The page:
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Feeding Tube Care

What is Tube Feeding/Eternal Feed ?

 Our body needs nutrition to stay strong and live a healthy life. If a patient is unable to eat, difficult to swallow or need nutritional supplementation when the intake by mouth is inadequate, tube feeding is advised to meet the nutritional requirement.

Tube feed is liquid form of nourishment delivered to your body through a specially designed flexible tube.

The nutrients within the feed are similar to what is available from normal food and also digested in the same way. The tube feed covers calories, protein, fat, fibers and all micronutrients required for the patient on daily basis.

 The process of feeding through a tube is called gavage or enteral feeding. Depending on the need of tube feeding, it may be kept for weeks or months. The tube feeding is then gradually weaned off and the tube removed once the disease condition improves and patient is able to swallow adequate liquid or semisolid food.

In some cases, tube feeding may be required for a very long period or for life. Having a feeding tube means learning new skills and adopting new routines.

Tube Feeding/Eternal Feed

Types of Tube Feeds:

Type of Tube Where it is inserted When it is used
Nasogastric Tube Through the nose down the oesophagus into the stomach Short term – 6 to 8 weeks
Naso jejunal Tube Through the nose, down the oesophagus, down the stomach to small jejunum, part of small Intestine When feeding into the stomach is not tolerated.
Gastrostomy Tube (*PEG/**RIG) Directly into the stomach through a small stoma (opening) created by a surgical incision over the abdomen Long term use, more than 6 months
Jejunostomy Tube Directly into the jejunum through a small opening (Stoma) created by surgical incision on the abdomen. Post surgeries of the stomach where stomach need rest to heal.

*PEG: Percutaneous Endoscopic Gastrostomy

**RIG: Radiologically Inserted Gastrostomy

Indications Needing Tube Feed: 

  • Unconscious patient with no swallowing/Gag reflex.
  • Post surgical procedures of Gastrointestinal system
  • Inability to swallow due to disease conditions (tumor, swelling, injury, cancer)
  • Surgery inside oral cavity (mouth).
  • Severe trauma of head and neck
  • Critical Illnesses with altered sensorium.
  • Inability to tolerate oral feeds.
  • Supplementation of Nutrition and fluid requirements.

HCAH SuVitas Tube Feed Programme

1. Care of Patient on Tube Feed

  • Reassurance and explaining the need for tube feeds to relieve anxiety associated with tube feeding.
  • Oral hygiene: Mouth and throat harbor infectious microorganisms which can trickle down causing respiratory infections. When a patient is not taking oral feeds, salivation decreases and the mouth become dry and coated. It harbors odor causing bacteria producing bad breath. So keeping the mouth clean and odor-free is very essential.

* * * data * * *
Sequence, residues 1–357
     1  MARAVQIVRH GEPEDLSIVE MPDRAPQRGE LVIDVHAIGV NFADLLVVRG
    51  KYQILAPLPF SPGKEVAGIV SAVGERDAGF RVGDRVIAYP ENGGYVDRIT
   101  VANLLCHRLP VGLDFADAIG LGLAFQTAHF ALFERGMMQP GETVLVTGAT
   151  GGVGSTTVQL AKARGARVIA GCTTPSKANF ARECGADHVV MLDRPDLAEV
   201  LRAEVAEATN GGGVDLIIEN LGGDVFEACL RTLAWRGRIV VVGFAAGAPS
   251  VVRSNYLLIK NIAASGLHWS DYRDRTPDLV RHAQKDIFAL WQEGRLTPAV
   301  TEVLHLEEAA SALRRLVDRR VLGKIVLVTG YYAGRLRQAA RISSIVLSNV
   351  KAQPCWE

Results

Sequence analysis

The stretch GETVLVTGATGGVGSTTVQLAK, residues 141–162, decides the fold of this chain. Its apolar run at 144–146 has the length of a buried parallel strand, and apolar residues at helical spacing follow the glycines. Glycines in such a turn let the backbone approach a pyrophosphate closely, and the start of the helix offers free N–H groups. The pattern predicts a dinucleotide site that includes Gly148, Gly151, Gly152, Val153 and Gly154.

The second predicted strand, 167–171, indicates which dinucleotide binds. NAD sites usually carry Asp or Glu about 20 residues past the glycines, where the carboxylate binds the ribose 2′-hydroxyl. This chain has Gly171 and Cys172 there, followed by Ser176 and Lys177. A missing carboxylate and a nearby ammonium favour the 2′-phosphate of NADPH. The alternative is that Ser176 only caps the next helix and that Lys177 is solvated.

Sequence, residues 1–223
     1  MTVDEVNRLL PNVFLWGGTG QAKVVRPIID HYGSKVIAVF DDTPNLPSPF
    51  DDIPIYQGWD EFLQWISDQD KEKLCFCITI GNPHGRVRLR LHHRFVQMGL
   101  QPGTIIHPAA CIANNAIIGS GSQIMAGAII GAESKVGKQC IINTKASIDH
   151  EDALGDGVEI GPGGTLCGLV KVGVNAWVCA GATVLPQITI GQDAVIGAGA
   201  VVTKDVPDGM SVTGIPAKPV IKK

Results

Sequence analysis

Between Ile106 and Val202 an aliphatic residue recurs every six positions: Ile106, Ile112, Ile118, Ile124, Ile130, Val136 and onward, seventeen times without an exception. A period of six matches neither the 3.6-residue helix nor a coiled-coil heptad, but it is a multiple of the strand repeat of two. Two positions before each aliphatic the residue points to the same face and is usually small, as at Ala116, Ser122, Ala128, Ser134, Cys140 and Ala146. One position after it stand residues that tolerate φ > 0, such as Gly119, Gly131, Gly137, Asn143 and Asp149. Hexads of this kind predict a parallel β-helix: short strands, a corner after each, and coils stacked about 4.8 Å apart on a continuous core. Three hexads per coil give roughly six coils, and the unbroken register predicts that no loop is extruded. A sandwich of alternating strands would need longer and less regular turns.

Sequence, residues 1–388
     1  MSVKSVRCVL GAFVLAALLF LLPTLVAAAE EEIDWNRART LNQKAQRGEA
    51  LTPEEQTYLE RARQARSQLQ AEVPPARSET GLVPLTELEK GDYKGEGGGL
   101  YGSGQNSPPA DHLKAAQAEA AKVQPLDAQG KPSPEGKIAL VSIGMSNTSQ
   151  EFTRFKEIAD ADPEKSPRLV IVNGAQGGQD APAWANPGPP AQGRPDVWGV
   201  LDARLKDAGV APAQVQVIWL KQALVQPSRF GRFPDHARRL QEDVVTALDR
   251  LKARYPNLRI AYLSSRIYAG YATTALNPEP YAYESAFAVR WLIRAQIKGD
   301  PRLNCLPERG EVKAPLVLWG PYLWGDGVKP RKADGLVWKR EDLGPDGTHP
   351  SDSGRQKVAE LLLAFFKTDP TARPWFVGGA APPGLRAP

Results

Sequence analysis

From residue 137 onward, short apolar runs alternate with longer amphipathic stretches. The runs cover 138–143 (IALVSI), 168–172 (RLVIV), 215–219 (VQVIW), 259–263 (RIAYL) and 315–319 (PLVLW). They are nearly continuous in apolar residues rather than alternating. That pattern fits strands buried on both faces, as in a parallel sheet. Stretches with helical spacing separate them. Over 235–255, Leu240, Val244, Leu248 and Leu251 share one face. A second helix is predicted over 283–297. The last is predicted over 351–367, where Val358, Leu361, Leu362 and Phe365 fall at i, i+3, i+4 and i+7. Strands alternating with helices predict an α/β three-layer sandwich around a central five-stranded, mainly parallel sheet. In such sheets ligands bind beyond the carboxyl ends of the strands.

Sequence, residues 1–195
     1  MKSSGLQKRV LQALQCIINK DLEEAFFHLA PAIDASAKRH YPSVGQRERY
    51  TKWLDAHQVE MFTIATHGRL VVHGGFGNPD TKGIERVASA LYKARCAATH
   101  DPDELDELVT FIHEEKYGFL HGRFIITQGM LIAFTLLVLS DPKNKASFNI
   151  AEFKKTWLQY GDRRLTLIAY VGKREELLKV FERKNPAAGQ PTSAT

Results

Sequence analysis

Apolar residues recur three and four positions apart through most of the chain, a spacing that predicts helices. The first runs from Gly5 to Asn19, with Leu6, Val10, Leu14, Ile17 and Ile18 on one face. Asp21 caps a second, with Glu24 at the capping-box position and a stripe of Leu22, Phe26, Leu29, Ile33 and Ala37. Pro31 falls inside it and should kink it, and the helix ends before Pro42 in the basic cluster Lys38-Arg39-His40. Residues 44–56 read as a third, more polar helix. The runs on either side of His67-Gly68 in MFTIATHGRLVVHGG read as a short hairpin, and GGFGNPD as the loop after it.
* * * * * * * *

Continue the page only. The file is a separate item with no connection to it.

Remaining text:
• Mouthcare: every 8 hourly. If the patient is conscious, make the patient gargle with diluted betadine mouthwash or plain lukewarm water.
  • Brush teeth daily if patient is conscious. If unable to swallow or spit, mouth care will be given by skilled nurses every eight hours.

2. Care Of The Tube:

  • Once the feeding tube is inserted and ensuring that the tube is in place, fix it with tape and secure properly. The tube fix is replaced when it is loose or dirty.
  • Prevention of any traction (pull) on the tube as it may get dislodged or displaced. The tube at the tip of the nose is marked.
  • The tube is cleaned by flushing with water after every feed and closing the clamp well.
  • PVC Nasogastric (NG) tube is changed after 15 days. Poly urethane or silicone NG tube is kept for 4-6 weeks as they are unaffected by gastric acid.
  • Surgically placed PEG or jejunostomy tube could be kept for longer period.
  • Till the ostomy heals, daily dressing will be required. Once wound is healed and stoma is healthy, dressing is not required. A clean gauze piece can be kept around the tube to prevent spillage of feed and contaminating the stoma.
  • The distal part (part which is away from body or the tail part) of the tube over abdomen is fixed to prevent traction. The tube is clamped well.

3. Feeding Procedure:

  • Position: The head is kept elevated to minimum 30 degree before feeding.
  • If the patient is on cuffed tracheostomy tube and the cuff is in deflated state, the cuff is inflated before feeding to prevent aspiration of fluid into lungs.
  • Aspiration is checked and stomach content withdrawn into the syringe and pushed back before feed, ensuring the tube is in place.
  • If no fluid is present on withdrawing, the position is adjusted and rechecked. The patient is not fed when in doubt as it can cause aspiration of fluid into the lungs if the tube is misplaced.
  • Feed: Amount and content will be as advised by the dietician in diet chart.
  • Temperature of the feed will be lukewarm, neither cold, not too hot.
  • The piston is removed and poured gently with gravity. Forcing by piston using pressure can cause mucosal damage (lining of the stomach and intestine). In between feed, air will not be allowed to enter the tube. The tube is kept pinched.
  • Once feed is over, flushed with 20-50 ml of plain water. The clap is closed to prevent back flow.
  • The patient’s head is kept in elevated position for 30-60 min post feeding.
  • The feeding syringe and all other re-usable articles are cleaned thoroughly immediately after use.
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